Help! My Teenage Daughter Hates Me
My 16-year-old daughter thinks I’m evil. Anytime I try to use discipline, whether it’s asking her to help around the house or do her homework, I get attitude and viciousness. In recent months she has even taken to saying she hates me. Last night she told me, “I hate your (expletive) guts!” Then she called me another expletive and told me to stay out of her life. I am still sobbing as I write this.
I don’t know what I did to make my daughter treat me like this. I may not be a banner parent, but I do my best to make sure she has what she needs and some of what she wants. She’s really ungrateful and has no respect for me anymore. She has threatened to go live with her dad a few times now (he lives two states away), and I’m just about ready to tell her to go.
It breaks my heart to see my child acting this way toward me and I want to fix our relationship if I can. But I can’t get through to her at all, so I don’t even know where to begin. I feel like a complete failure as a parent. Please help. —She Hates Me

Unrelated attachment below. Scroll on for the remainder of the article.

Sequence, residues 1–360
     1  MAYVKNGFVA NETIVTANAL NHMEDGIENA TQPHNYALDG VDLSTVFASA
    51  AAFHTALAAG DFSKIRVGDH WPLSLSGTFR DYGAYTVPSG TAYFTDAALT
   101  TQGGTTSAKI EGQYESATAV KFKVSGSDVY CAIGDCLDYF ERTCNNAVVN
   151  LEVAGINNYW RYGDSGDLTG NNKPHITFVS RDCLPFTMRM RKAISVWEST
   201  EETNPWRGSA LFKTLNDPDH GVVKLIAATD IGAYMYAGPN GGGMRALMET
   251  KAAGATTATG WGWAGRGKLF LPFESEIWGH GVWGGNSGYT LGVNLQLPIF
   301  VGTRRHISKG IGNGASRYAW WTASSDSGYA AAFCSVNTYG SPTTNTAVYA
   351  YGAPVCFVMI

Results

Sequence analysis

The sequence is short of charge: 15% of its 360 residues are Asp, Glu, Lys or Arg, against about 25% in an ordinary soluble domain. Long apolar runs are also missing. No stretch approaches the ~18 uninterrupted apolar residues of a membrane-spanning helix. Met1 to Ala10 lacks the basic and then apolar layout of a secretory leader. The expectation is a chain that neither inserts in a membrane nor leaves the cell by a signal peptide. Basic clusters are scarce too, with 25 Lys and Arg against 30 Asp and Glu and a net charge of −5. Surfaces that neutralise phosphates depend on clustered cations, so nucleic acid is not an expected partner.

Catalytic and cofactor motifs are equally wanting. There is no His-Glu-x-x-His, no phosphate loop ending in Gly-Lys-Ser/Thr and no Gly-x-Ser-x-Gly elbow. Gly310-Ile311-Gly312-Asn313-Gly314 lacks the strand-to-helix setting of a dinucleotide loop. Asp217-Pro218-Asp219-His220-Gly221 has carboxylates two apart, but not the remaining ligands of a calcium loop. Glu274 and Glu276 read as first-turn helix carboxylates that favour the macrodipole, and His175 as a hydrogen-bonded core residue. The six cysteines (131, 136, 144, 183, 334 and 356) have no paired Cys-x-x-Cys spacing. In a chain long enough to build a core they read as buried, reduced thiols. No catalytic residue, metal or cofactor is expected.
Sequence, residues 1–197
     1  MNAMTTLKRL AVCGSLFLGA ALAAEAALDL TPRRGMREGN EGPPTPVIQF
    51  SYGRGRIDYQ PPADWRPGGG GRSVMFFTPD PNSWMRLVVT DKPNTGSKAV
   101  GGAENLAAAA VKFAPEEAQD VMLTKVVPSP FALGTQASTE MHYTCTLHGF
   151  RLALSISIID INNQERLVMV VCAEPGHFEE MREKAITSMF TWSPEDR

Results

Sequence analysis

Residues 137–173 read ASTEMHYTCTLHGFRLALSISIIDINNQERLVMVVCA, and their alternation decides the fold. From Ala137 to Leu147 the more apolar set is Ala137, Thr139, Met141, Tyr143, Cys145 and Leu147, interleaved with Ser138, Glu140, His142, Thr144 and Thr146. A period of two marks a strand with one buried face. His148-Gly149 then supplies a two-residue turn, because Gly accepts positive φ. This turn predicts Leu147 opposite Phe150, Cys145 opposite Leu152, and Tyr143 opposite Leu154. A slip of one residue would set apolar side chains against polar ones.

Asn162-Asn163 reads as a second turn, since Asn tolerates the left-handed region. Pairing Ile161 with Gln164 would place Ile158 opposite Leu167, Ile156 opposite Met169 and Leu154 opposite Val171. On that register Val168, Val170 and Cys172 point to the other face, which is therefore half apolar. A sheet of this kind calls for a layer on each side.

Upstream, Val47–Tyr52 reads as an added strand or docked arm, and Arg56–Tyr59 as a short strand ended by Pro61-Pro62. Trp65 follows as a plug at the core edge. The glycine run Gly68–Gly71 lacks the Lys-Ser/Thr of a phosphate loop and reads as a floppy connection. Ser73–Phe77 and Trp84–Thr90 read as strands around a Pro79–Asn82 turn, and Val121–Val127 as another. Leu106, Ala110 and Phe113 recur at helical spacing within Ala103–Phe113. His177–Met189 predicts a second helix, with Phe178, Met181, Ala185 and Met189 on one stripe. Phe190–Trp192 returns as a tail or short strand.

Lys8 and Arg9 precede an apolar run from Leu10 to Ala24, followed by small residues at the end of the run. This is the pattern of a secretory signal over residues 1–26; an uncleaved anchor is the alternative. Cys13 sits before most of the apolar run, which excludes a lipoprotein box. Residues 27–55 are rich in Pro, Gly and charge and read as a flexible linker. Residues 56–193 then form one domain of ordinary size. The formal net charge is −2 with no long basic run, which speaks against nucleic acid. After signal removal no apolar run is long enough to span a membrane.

Dear She Hates Me,
The agony of your heartbreak is so clear—it is devastating to have your child speak to you in such a hateful manner. That agony has a way of making things seem worse than they actually are. You end your letter by saying you “feel like a complete failure as a parent,” but you also said you “make sure she has what she needs and some of what she wants.” If you are covering her needs and some of her wants, you are succeeding in at least one area, and I imagine there are other areas of parenting where you are also quite successful.
It sounds like you are unable to trace her behavior back to any particular incident, which is likely making her behavior all the more baffling. Thus, you feel unsure how to approach the issue. This also makes it seem possible that the issue isn’t really you. Sometimes children lash out at their parents even when their angst has little to do with their parents. Parents can be safe targets—friends might decide not to be friends and boyfriends/girlfriends might break up, but parents don’t stop being parents and don’t stop loving their children.
If you are covering her needs and some of her wants, you are succeeding in at least one area, and I imagine there are other areas of parenting where you are also quite successful.
You also mention that her father lives two states away and your daughter has expressed an interest in going to live with him. I’m curious how long he has lived two states away. Is this a more recent development that she might be having a hard time adjusting to? Does she blame you, fairly or unfairly, for the geographical distance? I imagine her request to live with him is quite difficult to hear, but affording her the opportunity to speak openly and honestly about why she is feeling this way might be beneficial to your relationship with one another.